Groundbreaking for Ortiz Elementary happened on September 21, 2010. But the doors did not open until August 2014. The school cost $7.7 million. It was one of five schools that all opened at the same time.
Ortiz was built on the site of the former Arkansas Avenue School.
The Arkansas Avenue School District 1 was formed in 1922 and opened a two-room school building in September 1923.
Major additions were done over the years, ending with 28 classrooms, a library, a lunchroom, a gymnasium, and new office space.
School District 120 was annexed to USD 259 in 1964.
In April 1996, the Board of Education approved the closing of Arkansas Avenue School.
The school reopened in the fall of 1996 as the Gateway Alternative Program to help students expelled from the district.
Arkansas Elementary was torn down in 2009.
The school was named in honor of Wichitan, Martin Ortiz.
Martin Ortiz (1919-2009), an educator and founder of the Whittier College Center of Mexican American Affairs was born on November 10, 1919in Wichita, Kansas, to immigrant parents. He grew up in poverty as the oldest of 12 children in the El Huarache barrio on Old Lawrence Boulevard (Now Broadway). At the age of 13, he dropped out of school, after a teacher made him wear a sign that said, “I am retarded,” due to his struggles to speak English. He spent time riding the rails as a hobo and worked in various jobs that helped him improve his English. He returned to Wichita, enrolled at Wichita North High School, and became the first Latino student council president. In 1940, Ortiz graduated as class valedictorian.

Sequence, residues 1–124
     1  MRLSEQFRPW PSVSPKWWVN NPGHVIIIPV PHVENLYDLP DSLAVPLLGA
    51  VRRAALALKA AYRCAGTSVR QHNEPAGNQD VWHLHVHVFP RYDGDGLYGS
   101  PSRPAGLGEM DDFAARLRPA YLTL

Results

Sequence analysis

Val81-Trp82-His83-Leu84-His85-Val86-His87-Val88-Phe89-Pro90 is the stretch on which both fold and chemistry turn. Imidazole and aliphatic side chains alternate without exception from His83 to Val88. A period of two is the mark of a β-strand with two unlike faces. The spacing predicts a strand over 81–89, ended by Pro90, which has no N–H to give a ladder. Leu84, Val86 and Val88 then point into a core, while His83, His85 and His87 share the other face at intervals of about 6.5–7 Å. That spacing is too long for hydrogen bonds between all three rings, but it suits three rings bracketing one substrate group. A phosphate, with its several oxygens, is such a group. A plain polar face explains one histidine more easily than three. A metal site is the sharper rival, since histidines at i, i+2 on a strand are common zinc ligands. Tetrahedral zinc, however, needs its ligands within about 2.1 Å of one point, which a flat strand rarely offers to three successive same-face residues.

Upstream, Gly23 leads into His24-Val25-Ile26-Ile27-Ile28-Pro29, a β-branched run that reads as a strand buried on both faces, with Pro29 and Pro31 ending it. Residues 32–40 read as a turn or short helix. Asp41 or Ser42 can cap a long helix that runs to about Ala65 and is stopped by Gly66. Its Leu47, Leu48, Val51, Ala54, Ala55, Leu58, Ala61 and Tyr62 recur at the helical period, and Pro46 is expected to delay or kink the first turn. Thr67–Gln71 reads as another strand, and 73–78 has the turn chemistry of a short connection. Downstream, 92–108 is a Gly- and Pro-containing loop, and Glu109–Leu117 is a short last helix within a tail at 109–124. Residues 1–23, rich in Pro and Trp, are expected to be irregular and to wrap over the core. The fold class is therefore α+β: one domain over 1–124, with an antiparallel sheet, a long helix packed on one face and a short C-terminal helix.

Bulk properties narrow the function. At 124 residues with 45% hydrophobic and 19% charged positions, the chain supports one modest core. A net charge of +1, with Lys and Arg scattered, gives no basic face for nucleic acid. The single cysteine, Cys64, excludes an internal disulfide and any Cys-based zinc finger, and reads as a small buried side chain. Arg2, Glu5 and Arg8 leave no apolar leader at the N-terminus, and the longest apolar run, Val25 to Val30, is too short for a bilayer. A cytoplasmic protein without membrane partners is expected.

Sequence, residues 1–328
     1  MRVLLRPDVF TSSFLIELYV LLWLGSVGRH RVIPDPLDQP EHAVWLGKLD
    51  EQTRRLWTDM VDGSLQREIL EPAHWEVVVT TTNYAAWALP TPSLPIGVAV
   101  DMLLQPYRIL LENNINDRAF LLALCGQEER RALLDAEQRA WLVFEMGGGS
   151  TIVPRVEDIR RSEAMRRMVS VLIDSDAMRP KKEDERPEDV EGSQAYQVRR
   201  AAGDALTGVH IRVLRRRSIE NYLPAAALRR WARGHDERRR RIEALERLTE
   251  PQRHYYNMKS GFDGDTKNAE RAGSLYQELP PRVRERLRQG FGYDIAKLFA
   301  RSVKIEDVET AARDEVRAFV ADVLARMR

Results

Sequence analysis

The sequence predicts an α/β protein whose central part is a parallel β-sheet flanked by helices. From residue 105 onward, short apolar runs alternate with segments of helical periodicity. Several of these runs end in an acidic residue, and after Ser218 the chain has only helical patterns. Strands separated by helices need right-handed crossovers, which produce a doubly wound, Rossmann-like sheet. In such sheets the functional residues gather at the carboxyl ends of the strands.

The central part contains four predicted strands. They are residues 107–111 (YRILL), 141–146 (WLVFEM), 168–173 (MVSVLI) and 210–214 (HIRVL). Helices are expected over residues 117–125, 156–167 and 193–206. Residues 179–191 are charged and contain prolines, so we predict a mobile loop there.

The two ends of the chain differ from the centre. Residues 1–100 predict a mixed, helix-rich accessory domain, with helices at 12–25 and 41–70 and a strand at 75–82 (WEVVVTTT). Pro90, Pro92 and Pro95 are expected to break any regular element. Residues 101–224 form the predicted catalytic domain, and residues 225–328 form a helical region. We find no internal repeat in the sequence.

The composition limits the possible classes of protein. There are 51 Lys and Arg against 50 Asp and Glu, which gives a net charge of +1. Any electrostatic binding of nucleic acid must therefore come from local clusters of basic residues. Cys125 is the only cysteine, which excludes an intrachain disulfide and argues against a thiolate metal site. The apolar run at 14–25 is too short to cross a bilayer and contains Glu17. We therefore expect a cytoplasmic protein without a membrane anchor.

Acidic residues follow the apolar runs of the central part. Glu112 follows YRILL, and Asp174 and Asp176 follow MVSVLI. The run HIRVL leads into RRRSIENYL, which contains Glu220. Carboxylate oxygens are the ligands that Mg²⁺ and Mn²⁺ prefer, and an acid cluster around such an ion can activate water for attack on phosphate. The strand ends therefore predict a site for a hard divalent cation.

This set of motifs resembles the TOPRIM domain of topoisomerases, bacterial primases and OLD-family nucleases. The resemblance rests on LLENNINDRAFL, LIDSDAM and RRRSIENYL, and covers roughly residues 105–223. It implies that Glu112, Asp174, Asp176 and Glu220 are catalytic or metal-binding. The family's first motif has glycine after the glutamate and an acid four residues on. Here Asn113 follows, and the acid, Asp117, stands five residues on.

Following his graduation, Ortiz’s plans to attend college were interrupted by World War II. In 1942, he joined the Marines and served as a language specialist and aerologist in the South Pacific for four years. After the war, Ortiz earned his bachelor’s degree in sociology at Whittier College and his master’s degree at George Williams College (now Aurora University).
Ortiz’s true passion was in teaching, and he returned to Whittier College in 1958 as a sociology instructor. In 1968, inspired by his experiences and a desire to empower Latino youth, Martin Ortiz established the Center of Mexican American Affairs at Whittier College. The center helped recruit Latino students, provide scholarships, and help them find jobs.
In 1994, the college established the Martin Ortiz Endowment Scholarship Fund to support Hispanic/Latino students. Ortiz also advised and consulted with organizations such as the Ecuadorian Ministry of Public Health and the U.S. Department of Health and Human Services.
Ortiz died on January 12, 2009. He was 89. He is buried at Rose Hills Memorial Park in Whittier, California.
Ortiz Elementary was the first school in Wichita to be named for a Latino Leader.
When Ortiz opened, architect Joe Johnson told the Wichita Eagle that, “Because the school’s gym doubles as storm shelter and children won’t have to huddle through storms in hallways and corridors, more areas of the building can feature bright, airy glass.”